Preservation and function of Stone Gate

When the Gate lost its defensive role, on the ground floor you could find different stores and upper floors were used as a living space. Gate keepers used to live there, for a while a girls' school was there, different offices and associations...

In 1841. an idea appeared that the Stone Gate should be demolished, because "making the city happier with a bigger ornament and providing comfort and safety to public using that passage..." Preliminary contract between city council and trader Daniel Jaksic (living next to Stone Gate) was made, which stated that Stone Gate should be demoished. Plans for new gate were made by Felbinger (plan wasn't saved) and Kappner who imagined it in classicist style, merging functions of a passage, trading building and a chapel. Fortunately, the contract was never signed.

About 30 years later, same idea that Stone Gate should be razed appeared again. In "Vienac" newsletter, Isidor Krsnjavi (influential Croatian painter, art historian, curator and politician) opposed the idea writing: "Let us not raze antiquity! ...Domes, gates, towers of city and church are the most adequate means to profile cities..."

City magistrate budget for 1878. included 2.500 forints for demolition. This time, citizens of Zagreb took matter in their own hands and pleaded to magistrate to save the Gate because:

"...Stone Gate and church of St.Mark are only significant monument buildings of our city, which stand as a living testimony to past times and free royal Gric city, predecessor to Zagreb. Elsewhere, monuments as these are preserved, returned to original form, so citizens could experience its wisdom and past..."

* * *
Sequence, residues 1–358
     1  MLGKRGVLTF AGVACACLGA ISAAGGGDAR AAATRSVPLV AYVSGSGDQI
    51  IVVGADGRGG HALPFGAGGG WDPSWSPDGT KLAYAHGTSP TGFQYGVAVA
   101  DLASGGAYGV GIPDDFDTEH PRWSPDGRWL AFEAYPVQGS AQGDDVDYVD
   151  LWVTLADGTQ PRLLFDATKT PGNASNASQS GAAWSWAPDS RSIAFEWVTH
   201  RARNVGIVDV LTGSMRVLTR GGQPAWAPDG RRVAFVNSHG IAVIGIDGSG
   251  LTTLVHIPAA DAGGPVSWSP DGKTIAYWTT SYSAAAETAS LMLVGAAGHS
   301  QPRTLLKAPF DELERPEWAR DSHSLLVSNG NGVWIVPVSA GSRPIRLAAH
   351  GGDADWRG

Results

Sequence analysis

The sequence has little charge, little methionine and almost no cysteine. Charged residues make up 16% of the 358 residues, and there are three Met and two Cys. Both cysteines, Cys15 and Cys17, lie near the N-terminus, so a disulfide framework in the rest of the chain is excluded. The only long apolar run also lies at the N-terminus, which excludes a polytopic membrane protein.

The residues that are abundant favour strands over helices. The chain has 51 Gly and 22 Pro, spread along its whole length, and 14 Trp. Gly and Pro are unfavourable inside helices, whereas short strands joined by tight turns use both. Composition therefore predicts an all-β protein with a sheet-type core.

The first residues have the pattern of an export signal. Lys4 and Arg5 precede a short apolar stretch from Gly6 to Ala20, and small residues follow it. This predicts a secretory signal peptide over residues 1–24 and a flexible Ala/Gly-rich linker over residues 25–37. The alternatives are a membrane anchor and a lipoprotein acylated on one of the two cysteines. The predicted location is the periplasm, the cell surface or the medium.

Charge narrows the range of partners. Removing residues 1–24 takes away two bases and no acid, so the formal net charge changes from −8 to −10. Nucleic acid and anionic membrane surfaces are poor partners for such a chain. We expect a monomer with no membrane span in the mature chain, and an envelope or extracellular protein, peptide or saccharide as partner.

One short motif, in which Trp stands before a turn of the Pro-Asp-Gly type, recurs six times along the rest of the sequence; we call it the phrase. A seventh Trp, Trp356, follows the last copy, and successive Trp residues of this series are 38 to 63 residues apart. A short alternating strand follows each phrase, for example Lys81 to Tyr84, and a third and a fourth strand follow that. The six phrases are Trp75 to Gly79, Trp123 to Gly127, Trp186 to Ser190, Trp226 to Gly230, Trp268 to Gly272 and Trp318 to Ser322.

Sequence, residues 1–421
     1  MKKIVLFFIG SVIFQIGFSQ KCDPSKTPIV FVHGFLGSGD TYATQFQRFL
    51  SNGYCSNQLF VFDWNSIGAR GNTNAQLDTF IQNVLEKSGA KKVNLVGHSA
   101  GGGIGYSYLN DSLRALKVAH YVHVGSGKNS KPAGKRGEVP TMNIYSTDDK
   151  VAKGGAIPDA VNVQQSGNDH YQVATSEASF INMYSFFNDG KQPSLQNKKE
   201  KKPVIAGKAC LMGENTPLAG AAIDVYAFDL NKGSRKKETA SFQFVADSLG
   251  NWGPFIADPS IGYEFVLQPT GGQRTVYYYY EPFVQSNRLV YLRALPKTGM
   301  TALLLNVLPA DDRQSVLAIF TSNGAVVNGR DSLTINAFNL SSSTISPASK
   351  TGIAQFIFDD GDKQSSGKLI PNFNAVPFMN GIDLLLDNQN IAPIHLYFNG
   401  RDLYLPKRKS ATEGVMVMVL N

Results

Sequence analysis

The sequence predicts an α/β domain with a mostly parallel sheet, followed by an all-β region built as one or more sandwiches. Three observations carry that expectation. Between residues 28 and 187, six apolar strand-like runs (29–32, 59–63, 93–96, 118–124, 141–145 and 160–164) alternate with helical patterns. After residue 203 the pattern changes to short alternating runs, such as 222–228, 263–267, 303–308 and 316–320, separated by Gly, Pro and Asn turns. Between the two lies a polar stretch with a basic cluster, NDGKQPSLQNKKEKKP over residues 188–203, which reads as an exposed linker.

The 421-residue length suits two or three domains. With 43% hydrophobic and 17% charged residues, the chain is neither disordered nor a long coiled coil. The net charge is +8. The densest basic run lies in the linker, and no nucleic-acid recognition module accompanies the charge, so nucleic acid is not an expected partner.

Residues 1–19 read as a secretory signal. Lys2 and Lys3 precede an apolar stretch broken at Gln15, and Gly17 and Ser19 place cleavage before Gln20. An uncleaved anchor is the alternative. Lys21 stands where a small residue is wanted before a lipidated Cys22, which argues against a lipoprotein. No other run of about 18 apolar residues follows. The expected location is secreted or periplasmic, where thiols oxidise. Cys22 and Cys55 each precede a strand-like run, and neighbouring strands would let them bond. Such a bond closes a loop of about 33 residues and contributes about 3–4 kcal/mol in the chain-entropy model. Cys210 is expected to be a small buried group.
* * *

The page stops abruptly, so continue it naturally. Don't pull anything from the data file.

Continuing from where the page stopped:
At the beginning of 20th century, same idea appeared again. Fortunately, Stone Gate got a new function. As proposed by Knight's Order "Brethren of the Croatian Dragon", in Stone Gate three significant establishments were found: City library, History archives of Zagreb and Zagreb city museum.

Nearby points of interest

"The Goldsmith's Gold"

Bit past the gate, on the left side a statue of Dora Krupiceva is located in a niche, made by sculptor Ivo Kerdic. Dora Krupiceva is a beautiful heroine from a novel "The Goldsmith's Gold" written by August Senoa, one of the greatest Croatian writers.

Old pharmacy (1335.)

In the same street (Kamenita street), an oldest pharmacy in Zagreb is located, working continuously since 1355.

Of special interest is a plate located behind the corner, with engravings:

"As pharmacist, since 1399. Dante's (note: Dante Alighieri, writer of Divine Comedy) grand-grandson Niccolo works in it (in the pharmacy). It is familiar that he was married, so he lived in Zagreb with his family. Niccolo is a grandson of poet's first-born Pietro."

Admiral Nelson's lion

On the other side of the street, as opposed to the pharmacy, on a small terrace stands a stone lion, and underneath, between two columns, chains which held Nelson's admiral ship "Victory" after the Battle of Trafalgar. So the legend says.

All photos: Marko Vrdoljak for Zagreb Tourist Board & Convention Bureau

Address & contact details

  • Street: Kamenita ulica
  • Postcode: 10000
  • City: Zagreb
Stone Gate

Entrance fee

  • Free

Working Hours

  • 0-24

Last updated on

Monday, 12 June 2017